Treasure chest of goodies
Last weekend we had a local family come over to our house to meet some of our Standard Schnauzer puppies and discuss purchasing one. My wife, Ann, was working at our cafe and I had our sons Otto (5) and Theo (2) with me.
My boys adore the puppies and love to overwhelm people with far too much information about them. Nicknames, every identifying feature, a list of every clever – and naughty — thing each pup has ever done. It goes on and on.
The family brought their son with them, he must have been 4. Otto’s eyes lit up when he saw this young boy step into our hallway.
It was raining out and I had the 2 puppies in question in our living room. After an initial energetic welcoming and the calamity of new attention settling down, Otto vanished to his bedroom.
The mother instantly connected with ‘Purple Collar’, who Otto has affectionately named ‘Pointy Face’, and I was discussing with the father how sales worked and our general dos and don’ts regarding a new schnauzer pup.
Before I knew it Otto had tipped out his entire treasure chest onto the dining room table and was combing through the contents with a somewhat delightful 4-year-old guest who was sitting on his perplexed mother’s lap.
Fox den flashback
When Otto was 3 he came down the back paddock with me to try and catch a fox that had been giving our hens mischief. We found the fox’s den and I reached down it and pulled out the fox’s bounty –a couple of my hens, half eaten, and loads of feathers and bones. One of the bones was a rabbit skull and I handed it to Otto who jealously clung onto his new treasure. On the way home I pulled into a camping store and purchased a plastic ammunition box, explaining to Otto that this was his new treasure chest and he could keep all of his favourite things nice and safe in it. He was delighted.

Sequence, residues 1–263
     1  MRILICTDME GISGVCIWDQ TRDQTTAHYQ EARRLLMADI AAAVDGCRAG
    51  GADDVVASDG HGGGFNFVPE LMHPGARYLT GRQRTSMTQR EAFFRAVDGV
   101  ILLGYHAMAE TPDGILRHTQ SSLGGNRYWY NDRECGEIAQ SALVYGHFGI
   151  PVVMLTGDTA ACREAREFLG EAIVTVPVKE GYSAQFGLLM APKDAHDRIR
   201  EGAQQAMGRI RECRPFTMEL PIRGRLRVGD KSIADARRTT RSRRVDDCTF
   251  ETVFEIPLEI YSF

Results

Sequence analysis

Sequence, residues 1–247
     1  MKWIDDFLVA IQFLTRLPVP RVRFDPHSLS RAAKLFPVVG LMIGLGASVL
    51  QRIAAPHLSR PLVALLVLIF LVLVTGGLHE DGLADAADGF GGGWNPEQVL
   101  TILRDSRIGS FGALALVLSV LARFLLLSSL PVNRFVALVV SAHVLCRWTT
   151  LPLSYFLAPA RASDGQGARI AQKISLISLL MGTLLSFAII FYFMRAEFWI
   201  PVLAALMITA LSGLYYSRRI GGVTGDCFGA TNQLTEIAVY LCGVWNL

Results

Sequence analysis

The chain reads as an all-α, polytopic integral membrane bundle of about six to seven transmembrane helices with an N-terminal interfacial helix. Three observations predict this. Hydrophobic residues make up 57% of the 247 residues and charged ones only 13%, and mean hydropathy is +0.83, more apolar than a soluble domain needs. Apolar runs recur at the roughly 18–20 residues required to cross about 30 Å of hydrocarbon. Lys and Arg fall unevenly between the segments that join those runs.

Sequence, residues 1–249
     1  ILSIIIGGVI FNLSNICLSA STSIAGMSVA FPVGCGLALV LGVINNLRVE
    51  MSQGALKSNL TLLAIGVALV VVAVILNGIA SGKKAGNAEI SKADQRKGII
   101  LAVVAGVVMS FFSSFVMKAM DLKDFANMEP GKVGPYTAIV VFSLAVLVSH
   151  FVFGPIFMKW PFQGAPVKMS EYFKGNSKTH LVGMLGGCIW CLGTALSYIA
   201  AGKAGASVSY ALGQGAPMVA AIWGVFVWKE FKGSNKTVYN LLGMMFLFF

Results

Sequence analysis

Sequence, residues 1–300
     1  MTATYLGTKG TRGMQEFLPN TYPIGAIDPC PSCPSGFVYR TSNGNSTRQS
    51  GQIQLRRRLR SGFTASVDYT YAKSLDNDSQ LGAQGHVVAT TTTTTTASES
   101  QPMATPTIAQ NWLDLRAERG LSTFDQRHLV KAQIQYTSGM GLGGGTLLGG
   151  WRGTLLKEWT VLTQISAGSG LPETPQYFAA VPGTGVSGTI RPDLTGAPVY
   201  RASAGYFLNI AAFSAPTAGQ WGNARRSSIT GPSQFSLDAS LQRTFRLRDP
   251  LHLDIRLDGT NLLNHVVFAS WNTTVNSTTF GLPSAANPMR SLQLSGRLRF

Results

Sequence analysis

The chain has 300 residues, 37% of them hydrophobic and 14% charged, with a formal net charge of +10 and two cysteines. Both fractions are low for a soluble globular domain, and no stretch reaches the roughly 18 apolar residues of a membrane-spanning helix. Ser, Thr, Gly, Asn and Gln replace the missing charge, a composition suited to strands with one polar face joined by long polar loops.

2 years later and the entire contents were spilled over our dining room table in front of our guests and their wide-eyed child. Most are pretty mild and playful. Seashells, feathers, big leaves, seeds, and rocks. Then comes the ‘Wolki Boy’ stuff. Bones, horns, animal teeth, bits of hide, bullet casings, a pocket knife, a wombat jaw, etc.
When I noticed what was happening I was very pleased for Otto to be sharing a viewing of his prized possessions with his guests, and I turned to the father who had a rather curious and almost slightly shocked grin on his face.
“Quite different upbringings”, he said, nodding towards his son, who was on mum’s lap inspecting a feather. Mum seemed a bit concerned about the bullets — maybe she thought they were live. I’m sure the pocket knife was enough for them to question my judgement. I’m just glad Otto has put his Bic lighter back in there since last night’s pit fire was lit!
One of the reasons we decided to homeschool is that it’s extremely important to us that our children have certain traits, experiences, and values instilled. I want competent, handy, well-exposed young men for sons. A 5-year-old that can butcher a chicken, prep the fruit and veg for meals, and light a fire seems well on his way to that. Sure, there are elements of risk and danger sprinkled in there, but nothing worthwhile comes without a cost.
When my sons got to use a knife for the first time, or helped daddy hold the lighter to start a fire, it was a heavily supervised affair. As competence grew, the supervised nanny-state quickly dissolved in lockstep. Now, it is of the utmost importance to me that my sons can exercise their earned privileges, such as a pocket knife, without constant permissions, negotiations, and hovering supervision.
That doesn’t mean we don’t watch — we do, from a distance. Supervising your child working a tool without them realising is a sure fine skill and helps build tremendous independence and character. I’d recommend all parents try their hardest to give their kids enough space to flourish.
I sure do hope our 4-year-old visitor gets a pocket knife for his next birthday. Or if nothing else, a treasure chest for his goodies.